U.S. Department of Justice
United States Attorney
Southern District of Indiana
Southern District of Indiana
For Immediate Release
Thursday, March 24, 2011
Joseph H. Hogsett, United States Attorney
Contact: Mary Bippus, Director of Community Relations
Hogsett Announces Joint Initiative to Combat Violent Crime
United States Attorney’s Office to Pursue Violent Criminals Who Prey on Hoosier Communities
INDIANAPOLIS — In an effort to keep Hoosier neighborhoods safer, United States Attorney Joseph H. Hogsett announced today a new initiative to attack violent crime, crack down on illegal guns and prosecute the most violent criminals in Marion County and throughout the southern district of Indiana.
For too many young people in this city, it's easier to get a gun than it is an education. That is unacceptable, Hogsett said.
This joint federal–local collaboration will focus on drug trafficking and on criminals who use firearms in their illegal activities.
Here in Marion County, I have asked Marion County Prosecutor Terry Curry and Indianapolis Metropolitan Police Chief Paul Ciesielski to help identify the ’worst or the worst’ – offenders with criminal histories who cycle in and out of local jails – and decide who among those repeat offenders should be prosecuted under federal law for offenses that make the defendant eligible for stiffer sentences, said Hogsett.
In addition, Hogsett announced that the United States Attorney’s Office (USAO) will:
- (1) prosecute more gun crimes than ever before and increase efforts to identify and vigorously prosecute in federal court violent, repeat offenders and criminal gangs, especially those who use guns to further their illegal activities and criminal enterprises.
- (2) increase the use of law enforcement and prosecutorial tools including court–authorized wiretaps, undercover and covert operations, surveillance, search warrants, and use of the grand jury to develop the best possible cases.
- (3) actively utilize federal drug laws and federal gun laws for the
worst of the worstto allow for pre–trial detention and stiffer sentences.
- (4) aggressively employ a multi–agency law enforcement approach to investigate, arrest, and aid in the prosecution of these violent, repeat offenders and gangs. Federal law enforcement partners include the Federal Bureau of Investigation (FBI), Bureau of Alcohol Tobacco Firearms and Explosives (ATF), Drug Enforcement Administration (DEA), and Homeland Security Investigations (HSI). Most of these agencies have task forces which include local and state law enforcement officers. Here in Marion County, the Indianapolis Metropolitan Police Department (IMPD), the Marion County Sheriff’s Department, and the Metro Drug Task Force have agreed to continue an unprecedented level of collaboration with federal partners to combat violent crime.
- (5) commit to training all law enforcement officers on the evidence necessary to maximize successful federal prosecutions.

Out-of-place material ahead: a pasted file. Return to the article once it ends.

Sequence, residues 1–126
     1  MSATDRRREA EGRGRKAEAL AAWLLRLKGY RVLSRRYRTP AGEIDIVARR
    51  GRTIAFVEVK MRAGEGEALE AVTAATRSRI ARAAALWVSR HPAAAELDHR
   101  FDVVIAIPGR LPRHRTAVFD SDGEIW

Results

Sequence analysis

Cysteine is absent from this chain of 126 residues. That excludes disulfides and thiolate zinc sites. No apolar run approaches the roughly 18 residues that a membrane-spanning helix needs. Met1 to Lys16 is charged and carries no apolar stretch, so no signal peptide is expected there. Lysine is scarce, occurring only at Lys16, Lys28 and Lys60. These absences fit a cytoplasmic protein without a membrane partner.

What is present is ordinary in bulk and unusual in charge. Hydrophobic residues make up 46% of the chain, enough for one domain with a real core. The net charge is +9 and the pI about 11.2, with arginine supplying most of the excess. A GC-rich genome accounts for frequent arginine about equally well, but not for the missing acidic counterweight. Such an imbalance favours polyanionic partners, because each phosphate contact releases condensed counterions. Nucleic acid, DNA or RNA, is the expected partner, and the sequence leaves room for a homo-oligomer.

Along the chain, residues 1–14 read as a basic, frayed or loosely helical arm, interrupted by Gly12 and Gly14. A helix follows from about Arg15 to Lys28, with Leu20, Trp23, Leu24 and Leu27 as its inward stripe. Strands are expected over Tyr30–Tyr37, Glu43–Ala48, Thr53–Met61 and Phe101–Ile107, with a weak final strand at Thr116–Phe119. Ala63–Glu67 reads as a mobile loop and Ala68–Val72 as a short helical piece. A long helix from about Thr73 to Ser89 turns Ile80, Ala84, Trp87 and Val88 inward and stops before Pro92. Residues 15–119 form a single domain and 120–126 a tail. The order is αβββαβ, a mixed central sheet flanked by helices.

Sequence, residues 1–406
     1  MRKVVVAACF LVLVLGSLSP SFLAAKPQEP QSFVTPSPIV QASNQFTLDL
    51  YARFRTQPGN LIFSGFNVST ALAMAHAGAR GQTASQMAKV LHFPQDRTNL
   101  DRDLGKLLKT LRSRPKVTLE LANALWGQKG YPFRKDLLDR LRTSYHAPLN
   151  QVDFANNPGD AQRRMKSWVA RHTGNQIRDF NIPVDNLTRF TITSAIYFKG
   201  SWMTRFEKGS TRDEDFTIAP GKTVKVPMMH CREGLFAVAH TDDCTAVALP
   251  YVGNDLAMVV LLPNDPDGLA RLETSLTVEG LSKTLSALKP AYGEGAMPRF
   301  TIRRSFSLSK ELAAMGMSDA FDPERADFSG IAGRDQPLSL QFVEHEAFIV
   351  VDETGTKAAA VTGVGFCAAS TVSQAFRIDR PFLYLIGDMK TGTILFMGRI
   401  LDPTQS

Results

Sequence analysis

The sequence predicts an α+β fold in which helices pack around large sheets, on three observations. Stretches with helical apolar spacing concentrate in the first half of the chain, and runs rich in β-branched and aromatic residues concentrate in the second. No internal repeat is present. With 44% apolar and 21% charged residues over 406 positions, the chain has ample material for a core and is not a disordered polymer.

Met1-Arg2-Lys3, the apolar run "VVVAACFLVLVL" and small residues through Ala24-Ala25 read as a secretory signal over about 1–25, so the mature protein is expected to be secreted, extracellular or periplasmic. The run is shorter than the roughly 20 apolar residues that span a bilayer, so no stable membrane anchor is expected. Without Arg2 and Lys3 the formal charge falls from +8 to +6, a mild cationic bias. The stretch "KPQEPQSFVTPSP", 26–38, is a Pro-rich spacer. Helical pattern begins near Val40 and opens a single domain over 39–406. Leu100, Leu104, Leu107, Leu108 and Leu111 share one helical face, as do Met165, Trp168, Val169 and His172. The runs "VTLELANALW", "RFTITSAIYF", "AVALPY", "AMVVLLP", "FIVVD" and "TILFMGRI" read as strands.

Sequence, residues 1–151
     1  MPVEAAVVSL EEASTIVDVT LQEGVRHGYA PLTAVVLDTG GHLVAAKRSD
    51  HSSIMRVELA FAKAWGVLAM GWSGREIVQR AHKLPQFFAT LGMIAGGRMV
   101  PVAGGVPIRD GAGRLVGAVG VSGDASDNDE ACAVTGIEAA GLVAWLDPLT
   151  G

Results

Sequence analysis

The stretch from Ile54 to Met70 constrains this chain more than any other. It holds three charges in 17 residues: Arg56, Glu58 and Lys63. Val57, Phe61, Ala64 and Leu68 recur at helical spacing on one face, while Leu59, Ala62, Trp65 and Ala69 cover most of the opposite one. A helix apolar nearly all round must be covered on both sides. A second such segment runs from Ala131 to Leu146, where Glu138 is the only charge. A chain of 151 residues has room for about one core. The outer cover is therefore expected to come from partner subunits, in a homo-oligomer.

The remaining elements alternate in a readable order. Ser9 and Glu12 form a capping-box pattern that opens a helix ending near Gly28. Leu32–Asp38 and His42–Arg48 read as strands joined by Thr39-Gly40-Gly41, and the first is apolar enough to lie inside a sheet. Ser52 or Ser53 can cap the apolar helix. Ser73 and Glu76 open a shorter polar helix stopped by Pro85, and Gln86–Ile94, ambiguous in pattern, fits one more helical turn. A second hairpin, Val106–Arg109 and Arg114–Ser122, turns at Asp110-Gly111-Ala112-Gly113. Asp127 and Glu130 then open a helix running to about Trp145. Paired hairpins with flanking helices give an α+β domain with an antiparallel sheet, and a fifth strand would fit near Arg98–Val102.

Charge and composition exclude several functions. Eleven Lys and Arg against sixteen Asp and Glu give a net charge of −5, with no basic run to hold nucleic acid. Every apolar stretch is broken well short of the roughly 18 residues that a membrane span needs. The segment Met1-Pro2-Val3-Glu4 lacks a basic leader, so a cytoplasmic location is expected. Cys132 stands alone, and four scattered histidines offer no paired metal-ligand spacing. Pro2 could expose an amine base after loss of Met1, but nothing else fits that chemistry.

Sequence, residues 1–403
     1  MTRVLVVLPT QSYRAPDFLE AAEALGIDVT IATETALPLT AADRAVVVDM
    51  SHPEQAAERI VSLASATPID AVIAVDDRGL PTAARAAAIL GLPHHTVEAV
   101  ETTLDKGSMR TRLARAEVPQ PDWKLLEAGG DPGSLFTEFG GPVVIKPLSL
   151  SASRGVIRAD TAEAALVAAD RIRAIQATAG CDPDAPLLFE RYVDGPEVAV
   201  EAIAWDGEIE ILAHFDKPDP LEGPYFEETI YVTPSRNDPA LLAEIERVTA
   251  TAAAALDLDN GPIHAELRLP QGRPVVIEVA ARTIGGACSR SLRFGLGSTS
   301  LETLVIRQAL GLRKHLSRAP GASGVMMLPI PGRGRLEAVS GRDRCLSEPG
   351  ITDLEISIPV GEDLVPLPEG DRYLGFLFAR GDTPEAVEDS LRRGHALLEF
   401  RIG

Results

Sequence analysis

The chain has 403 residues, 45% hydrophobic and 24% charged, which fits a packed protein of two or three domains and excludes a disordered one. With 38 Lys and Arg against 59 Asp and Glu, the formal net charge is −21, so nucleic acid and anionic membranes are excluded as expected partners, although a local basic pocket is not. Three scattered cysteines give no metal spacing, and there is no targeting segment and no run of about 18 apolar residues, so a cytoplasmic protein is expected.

- (6) help find the financial support necessary to aid in sustaining local crime–fighting efforts.
- (7) commit the personnel necessary to prosecute illegal guns, drug and narcotics trafficking and gangs.
Robert Browning, Special Agent in Charge of the Bureau of Alcohol, Tobacco, Firearms and Explosives expressed his agencies commitment,
ATF’s primary jurisdiction is over the tools of violent crime–guns. We stand shoulder to shoulder with our law enforcement partners working to reduce the illegal use of guns and dismantling violent gangs.
Marion County Prosecutor Terry Curry supported the effort today saying,
We are tired of lip service about guns and gangs. We are committed to be a full–fledged partner, through the initiatives of the MCPO and those of our federal, state, and local partners, in taking down criminal gangs and violent felons."
I have designated one of my most aggressive Assistant United States Attorneys, Barry D. Glickman, to lead this initiative and to coordinate our efforts to bring the most violent offenders to justice. Barry has successfully handled thousands of cases and has tried over 100 jury trials, said Hogsett.
While this initiative is expansive in scope and purpose, its success will be measured solely by results. In that regard, Hogsett announced that yesterday a United States District Court grand jury returned indictments in six separate cases. In these cases, 14 defendants were charged with violations of the federal drug and gun laws. 35 illegally possessed firearms, including seven semiautomatic assault rifles and assault pistols, 10 shotguns, and 18 semiautomatic pistols and revolvers were confiscated, as well as methamphetamine, marijuana and cocaine.
These cases are indicative of the commitment that this office and our law enforcement partners have in the effort to diminish the use of illegal guns and drugs by those who terrorize our neighborhoods and diminish our quality of life. No meetings. No titles. Just results, Hogsett declared.